Finally, it is immediate and often it is much more viral than mainstream media. Information travels much quicker and I believe it provides a great way of staying
informed and up-to-date. One does not have to wait a month to receive the latest information about art from an art magazine, but instead you can subscribe to many different art blogs (and it’s free). The art blogosphere gives a stage to bloggers who otherwise wouldn't have had the possibility to be read because often they are not linked to any institution, they are independent, like young people or artists. It is a free and flat space.
Who are your favorite art bloggers and why?
Paul: I listed a few above. I recently have undertaken a scan of art blogs, which I linked on my Art for Humans Facebook page. I think perhaps more useful questions for me would be, "What is an artist, and what is art?" Depending on your answer to these questions, you as a wired end user are going to be able to find art blogs of interest. For me those questions are points of origination in dimensional analysis.
Most blogs are not published on a proprietary basis; in the beginning, none were, which is why they became so popular. Unfortunately, corporate capitalism operates in the same consumer model of "addiction" or client "sustainability" as a drug pusher's. One major problem - for the short-term profit-centric media - involves confronting "competition" with free "content" on an equal value basis. I find it just as pertinent to review what, for instance, the powerhouse web design agency VIVIKI is proposing to do to serve the interests of its impressive roster of clients, as I would the impressions a blogger communicates in response to a painting in a small gallery show in a regional US city of 200,000 souls. To sum up, my interests are research-based and evolving.
To answer the question, I would recommend the aforementioned Tyler Green's blog roll as a worthy listing of notable art blogs. Or the reader can Google "best art blogs" and find a huge database from which to originate a scan of the field. I like the example of the Yau/Saltz dust-up above for its revelatory aspects, uncovering how the perception of art writer persona is being affected - and projected in new media.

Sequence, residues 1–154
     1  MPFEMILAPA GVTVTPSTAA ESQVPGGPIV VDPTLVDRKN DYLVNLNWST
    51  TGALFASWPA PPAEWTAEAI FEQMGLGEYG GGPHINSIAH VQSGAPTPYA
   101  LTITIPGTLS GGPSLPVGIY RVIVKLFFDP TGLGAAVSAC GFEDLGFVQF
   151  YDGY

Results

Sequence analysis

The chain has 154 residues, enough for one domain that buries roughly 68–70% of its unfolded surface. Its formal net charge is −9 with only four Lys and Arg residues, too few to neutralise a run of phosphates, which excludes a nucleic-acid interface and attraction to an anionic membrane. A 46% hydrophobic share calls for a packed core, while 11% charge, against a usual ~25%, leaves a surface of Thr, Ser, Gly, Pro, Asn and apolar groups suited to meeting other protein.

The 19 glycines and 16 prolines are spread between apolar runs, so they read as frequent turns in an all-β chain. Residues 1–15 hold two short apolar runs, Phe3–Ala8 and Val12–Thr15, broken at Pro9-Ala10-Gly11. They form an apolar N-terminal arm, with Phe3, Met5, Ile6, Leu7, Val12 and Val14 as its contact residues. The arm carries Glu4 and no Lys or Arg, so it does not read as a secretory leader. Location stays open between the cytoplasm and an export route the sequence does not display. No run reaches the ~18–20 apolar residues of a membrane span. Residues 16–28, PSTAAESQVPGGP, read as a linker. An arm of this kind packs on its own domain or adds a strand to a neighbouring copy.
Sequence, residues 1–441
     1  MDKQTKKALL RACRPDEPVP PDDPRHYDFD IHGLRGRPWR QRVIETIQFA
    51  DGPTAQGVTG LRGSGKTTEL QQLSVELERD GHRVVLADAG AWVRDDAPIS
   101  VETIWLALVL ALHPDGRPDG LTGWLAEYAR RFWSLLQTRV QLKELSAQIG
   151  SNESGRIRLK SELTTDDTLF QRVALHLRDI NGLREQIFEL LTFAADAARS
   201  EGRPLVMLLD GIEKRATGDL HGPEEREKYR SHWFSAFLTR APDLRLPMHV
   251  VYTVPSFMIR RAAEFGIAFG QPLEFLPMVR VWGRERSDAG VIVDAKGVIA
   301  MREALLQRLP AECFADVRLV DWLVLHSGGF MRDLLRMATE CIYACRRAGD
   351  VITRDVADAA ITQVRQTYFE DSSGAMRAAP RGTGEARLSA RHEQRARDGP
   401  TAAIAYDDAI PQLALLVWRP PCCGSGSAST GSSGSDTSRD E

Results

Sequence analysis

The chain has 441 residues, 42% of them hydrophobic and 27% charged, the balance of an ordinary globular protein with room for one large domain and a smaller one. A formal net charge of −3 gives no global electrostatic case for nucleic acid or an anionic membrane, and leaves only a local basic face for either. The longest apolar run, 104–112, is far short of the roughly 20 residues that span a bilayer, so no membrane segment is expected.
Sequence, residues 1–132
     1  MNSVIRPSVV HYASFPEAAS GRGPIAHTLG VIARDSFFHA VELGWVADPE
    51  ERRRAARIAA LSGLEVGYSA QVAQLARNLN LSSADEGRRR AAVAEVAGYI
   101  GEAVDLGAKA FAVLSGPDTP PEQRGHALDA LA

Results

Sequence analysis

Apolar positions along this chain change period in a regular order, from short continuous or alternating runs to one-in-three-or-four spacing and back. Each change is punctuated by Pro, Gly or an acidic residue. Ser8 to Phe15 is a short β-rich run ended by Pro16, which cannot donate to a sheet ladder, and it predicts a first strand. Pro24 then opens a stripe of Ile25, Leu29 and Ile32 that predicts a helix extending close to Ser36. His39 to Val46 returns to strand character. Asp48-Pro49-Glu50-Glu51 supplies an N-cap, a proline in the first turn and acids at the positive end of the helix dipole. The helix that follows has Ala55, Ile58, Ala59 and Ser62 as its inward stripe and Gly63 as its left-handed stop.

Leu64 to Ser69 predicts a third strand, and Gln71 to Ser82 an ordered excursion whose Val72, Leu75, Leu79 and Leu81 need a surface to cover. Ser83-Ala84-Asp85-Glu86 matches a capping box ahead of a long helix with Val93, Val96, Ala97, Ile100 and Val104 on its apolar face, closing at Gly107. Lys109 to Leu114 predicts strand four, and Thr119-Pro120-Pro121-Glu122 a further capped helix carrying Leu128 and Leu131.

Sarah: I am a big fan of street and urban art, therefore many of my favorite blogs specialize in this field. For example, www.pilpeled.com, one of the most talented graphic designers/artists out there. One of the reasons I love art blogs by artists is that they often offer a closer look and provide a 'window' into their work from a more personal perspective. Another one, www.ph7mag.tk, is a very recent blog but I love the layout, the fact that this blogger publishes new posts almost on a daily basis. It is original, to the point and with an edge. The famous Wooster Collective keeps me updated about all the news on street art around the world. I also visit blogs to keep myself up-to-date about the contemporary art world and on the latest exhibitions. This is why I particularly appreciate this blog: Contemporary Art Daily. It simply consists of press releases and a few images from shows that illustrate the post. Every week they also publish a “Week in Review” post which sums up all the week's events. I also enjoy vlogs (video blogs), especially for art blogs such as Vernissage tv. For me the beauty of blogs in general is to share an experience with the reader. Vlogs allow you to do exactly that and break the barrier between the event, person or project documented in the video and the visitor. A shift has occurred from hard copy books, magazines and newspapers to the virtual world of blogs and more recently to vlogs. Last but not least, new-art.blogspot.com - great critics and writings on art, installation, photography and much more.